As a child, I grew up in an extremely patriarchal environment where girls were regarded worthless. Too many times, I witnessed promising young girls from our village forced to abandon their studies and go to work to support their brothers’ educations. My close friend and neighbor, who was one of four children, was only thirteen years old when she left school and started working. After a large portion of her body was burned in an explosion of a fireworks factory, she eventually got married to a very elderly man. As the daughter of a poor family, my quest for an education was hampered not only by severe economic hardship, but also by well-meaning people who tried to dissuade me from continuing my education.
In 2009, when a young sauna employee named Deng Yujiao used a fruit knife to stab to death a government official who had been sexually harassing her, it made me think of the harassment that many of my female classmates and I had experienced. To show our support for Deng Yujiao, a younger female classmate and I put on a work of performance art called “Deng Yujiao could be any one of us.” Although that was over six years ago, during my recent detention the interrogators asked me about that performance repeatedly, and kept demanding to know who or what was behind it. I told them exactly what I’ve described above, and while I don’t know if my explanation elicited any compassion from them, I hope that it did, at least from those with daughters of their own at home. I’m not some mastermind conspirator working behind the scenes to disturb the social order; I just want to call attention to the plight of women facing sexual harassment, and call for more public measures to punish and deter perpetrators.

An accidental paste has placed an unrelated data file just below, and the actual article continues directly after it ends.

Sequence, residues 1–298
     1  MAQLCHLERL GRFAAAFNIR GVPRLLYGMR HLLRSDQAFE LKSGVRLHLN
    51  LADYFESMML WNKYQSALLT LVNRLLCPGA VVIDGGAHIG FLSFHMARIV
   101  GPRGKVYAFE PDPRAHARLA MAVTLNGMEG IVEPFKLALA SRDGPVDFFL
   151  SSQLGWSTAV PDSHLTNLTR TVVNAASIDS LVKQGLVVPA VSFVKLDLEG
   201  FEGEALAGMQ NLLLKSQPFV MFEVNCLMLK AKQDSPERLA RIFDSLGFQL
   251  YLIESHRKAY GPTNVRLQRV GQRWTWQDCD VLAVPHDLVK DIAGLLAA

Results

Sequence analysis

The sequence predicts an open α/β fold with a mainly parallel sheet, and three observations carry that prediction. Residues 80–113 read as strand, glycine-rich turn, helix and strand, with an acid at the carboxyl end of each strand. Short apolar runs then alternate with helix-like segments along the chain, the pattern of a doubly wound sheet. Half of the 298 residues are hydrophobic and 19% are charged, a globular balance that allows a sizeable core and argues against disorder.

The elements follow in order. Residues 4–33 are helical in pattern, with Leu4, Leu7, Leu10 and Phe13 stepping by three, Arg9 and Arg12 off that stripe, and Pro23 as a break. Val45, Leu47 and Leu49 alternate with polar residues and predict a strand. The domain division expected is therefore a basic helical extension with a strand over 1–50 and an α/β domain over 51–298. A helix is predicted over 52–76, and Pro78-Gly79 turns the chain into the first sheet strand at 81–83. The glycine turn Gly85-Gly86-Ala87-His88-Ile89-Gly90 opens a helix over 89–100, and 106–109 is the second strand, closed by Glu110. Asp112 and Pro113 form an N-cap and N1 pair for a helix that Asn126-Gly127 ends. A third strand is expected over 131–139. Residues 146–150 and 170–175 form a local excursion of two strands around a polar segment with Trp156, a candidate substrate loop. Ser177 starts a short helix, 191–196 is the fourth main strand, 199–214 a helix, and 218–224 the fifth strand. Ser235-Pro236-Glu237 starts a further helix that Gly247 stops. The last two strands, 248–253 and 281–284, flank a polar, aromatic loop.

Don’t cry, friends—you’re not alone